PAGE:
Being eco-friendly is no longer just a fad or trend; it’s a lifestyle choice and it’s here to stay. With the Western Cape’s current severe drought situation, and thousands of tonnes of waste poured into our landfills every year, there’s no time like the present to think more seriously about adopting the ‘green’ lifestyle. If you’re browsing for houses for sale, and want to invest in a home that already has an eco-friendly touch to it, here’s what to look out for, in collaboration with Private Property.
Alternative energy sources
As the majority of carbon emissions in South Africa are derived from fossil fuel burned to generate electricity, alternative energy sources are vital to reduce this type of pollution.
The following features provide alternative options:
- Solar panels: As South Africa experiences wonderfully hot summers, solar panels are an essential feature to a green home. By harnessing the power of the sun to heat up the water in a home, you will become less dependent on electricity. Of course you can also generate your own solar energy by installing solar PV.
- Natural light: An abundance of natural light not only reduces a home’s need to switch on more lights after sunrise or before sunset, but also allows as much sun into the home as possible. This allows more sun to penetrate the building during the colder months and reduce the need for an electric heater.
- Eco-friendly insulation: Insulation in a home is a must to retain heat during the cold months and release heat during the hot months. Luckily, eco-friendly insulation can be used these days, in the form of cellulose fibre, which is made by a process of paper recycled and ground down into a fine substance. Another insulation option is a polyester blanket made from recycled plastic bottles that have been woven together.
Water conserving appliances
Whether your province is experiencing a drought or not, water is a precious resource that must be used sparingly.
Below are a number of features that will help reduce water wastage in the home:
- Rain water tanks: While rain might be scarce in some parts, the ability to catch some of the rain that does fall is vital. The water that has been collected can then be used to water plants, top up the pool, or boiled and filtered to be used within the home.
- Low-flow shower heads: These shower heads are made specifically to reduce the amount of water that is released. A standard shower head can release around 15 litres of water per minute, while a low-flow shower reduces this to around nine or 10 litres per minute.
- Gutter sleeves: Another water catching device, known as a sleeve, is attached to a gutter drain and directs the water into a pool, large bucket or tank. The collected water can then be used as desired instead of it running back into the sewerage system.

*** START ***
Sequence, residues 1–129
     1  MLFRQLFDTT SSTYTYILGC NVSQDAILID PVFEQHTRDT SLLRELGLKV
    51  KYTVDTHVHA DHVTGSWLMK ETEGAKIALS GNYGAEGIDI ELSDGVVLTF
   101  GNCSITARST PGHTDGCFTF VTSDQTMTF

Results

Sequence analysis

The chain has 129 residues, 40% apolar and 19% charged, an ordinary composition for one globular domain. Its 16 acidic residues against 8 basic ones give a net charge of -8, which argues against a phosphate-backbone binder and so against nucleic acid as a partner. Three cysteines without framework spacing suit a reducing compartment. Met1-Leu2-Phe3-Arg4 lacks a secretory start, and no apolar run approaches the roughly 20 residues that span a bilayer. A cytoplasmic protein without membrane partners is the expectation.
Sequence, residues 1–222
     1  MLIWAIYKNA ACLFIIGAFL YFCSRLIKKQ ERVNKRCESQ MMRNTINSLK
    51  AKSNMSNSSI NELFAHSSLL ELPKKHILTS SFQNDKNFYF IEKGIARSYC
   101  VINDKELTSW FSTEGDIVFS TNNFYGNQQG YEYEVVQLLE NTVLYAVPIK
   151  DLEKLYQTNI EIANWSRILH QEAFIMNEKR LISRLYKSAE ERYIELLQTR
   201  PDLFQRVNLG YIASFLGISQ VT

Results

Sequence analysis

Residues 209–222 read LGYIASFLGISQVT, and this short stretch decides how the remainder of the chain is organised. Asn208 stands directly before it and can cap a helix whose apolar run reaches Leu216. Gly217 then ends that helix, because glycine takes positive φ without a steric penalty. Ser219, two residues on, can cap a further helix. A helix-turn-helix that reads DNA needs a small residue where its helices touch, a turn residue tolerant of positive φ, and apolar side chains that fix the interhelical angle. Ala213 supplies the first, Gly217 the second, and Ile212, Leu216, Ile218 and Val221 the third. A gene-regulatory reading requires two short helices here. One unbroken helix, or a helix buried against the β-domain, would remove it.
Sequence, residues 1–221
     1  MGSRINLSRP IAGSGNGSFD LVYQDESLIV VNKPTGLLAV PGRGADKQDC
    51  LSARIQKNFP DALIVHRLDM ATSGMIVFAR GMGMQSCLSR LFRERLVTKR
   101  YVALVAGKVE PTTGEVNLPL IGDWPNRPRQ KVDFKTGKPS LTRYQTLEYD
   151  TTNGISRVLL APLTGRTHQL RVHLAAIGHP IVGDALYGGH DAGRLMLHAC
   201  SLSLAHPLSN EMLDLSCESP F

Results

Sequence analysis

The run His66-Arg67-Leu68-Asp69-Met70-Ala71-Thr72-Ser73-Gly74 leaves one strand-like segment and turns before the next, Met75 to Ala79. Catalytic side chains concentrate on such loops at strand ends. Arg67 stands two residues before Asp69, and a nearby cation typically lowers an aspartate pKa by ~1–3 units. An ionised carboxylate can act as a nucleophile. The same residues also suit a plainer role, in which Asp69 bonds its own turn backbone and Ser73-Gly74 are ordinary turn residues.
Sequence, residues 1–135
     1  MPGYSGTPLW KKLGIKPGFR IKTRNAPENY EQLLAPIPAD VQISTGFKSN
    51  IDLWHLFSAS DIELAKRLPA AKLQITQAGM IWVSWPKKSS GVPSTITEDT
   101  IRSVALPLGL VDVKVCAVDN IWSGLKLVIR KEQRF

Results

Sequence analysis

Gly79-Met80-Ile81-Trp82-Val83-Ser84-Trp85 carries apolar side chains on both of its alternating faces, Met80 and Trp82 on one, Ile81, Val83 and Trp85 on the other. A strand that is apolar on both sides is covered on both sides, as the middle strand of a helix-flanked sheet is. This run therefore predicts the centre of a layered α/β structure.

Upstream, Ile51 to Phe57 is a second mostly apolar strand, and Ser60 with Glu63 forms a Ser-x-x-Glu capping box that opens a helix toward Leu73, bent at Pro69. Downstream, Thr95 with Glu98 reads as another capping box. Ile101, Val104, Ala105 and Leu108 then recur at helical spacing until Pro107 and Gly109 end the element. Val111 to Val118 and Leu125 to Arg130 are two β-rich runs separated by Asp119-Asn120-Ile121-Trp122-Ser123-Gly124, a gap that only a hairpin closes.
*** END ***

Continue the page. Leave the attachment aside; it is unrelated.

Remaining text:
More and more developments today are including sustainable and natural building materials into the structure of homes for aesthetic reasons and to avoid the production and use of harmful products like particle board.
Below are a couple of materials to look out for within a home:
- Reclaimed/certified wood: If a home includes a number of wooden beams, wooden floors or wooden aesthetic features, it’s always good to ask the estate agent or seller if the wood used is recycled or comes from a certified forest where trees that are cut are constantly being replaced.
- Recycled/eco-friendly tiles: Clay and slate tiles both contain natural elements and are not bound with harmful chemicals during production. These are both eco-friendly alternatives to asphalt tiles that include petrochemicals. Thatch roofs are also a good alternative due to reeds and straw being a sustainable resource, their good insulation properties, and natural waterproof quality.
South African households generate around 108 million tons of waste a year, and the majority of this waste, at 90%, ends up in the landfills.
The best solution is to recycle as much as possible with the following features:
- Sorting bins: While it does require some extra space, having about four separate containers for different used items allows a household to recycle everything apart from food waste and non-recyclable items such as light bulbs and batteries. A bin for paper and cardboard, a bin for plastics, a bin for glass and a bin for tins will ensure a household does its best to not add to the massive amount of waste ending up in the country’s landfills.
- Compost heap: A section of the garden is the perfect place to create a compost heap for food waste such as vegetable peels, eggshells and cartons, newspapers and cardboard. The decomposition of these materials provides a rich addition to the soil of a garden. Even if the house is small, there are numerous compost containers available to create a compost heap, and make use of certain waste matter.
- While there is an abundance of green features to look out for in a property, the above features are what home buyers should look for when going green. From alternative energy and water conservation, to recycling and natural building materials, home buyers can ensure they start taking part in the green lifestyle when they choose a new home.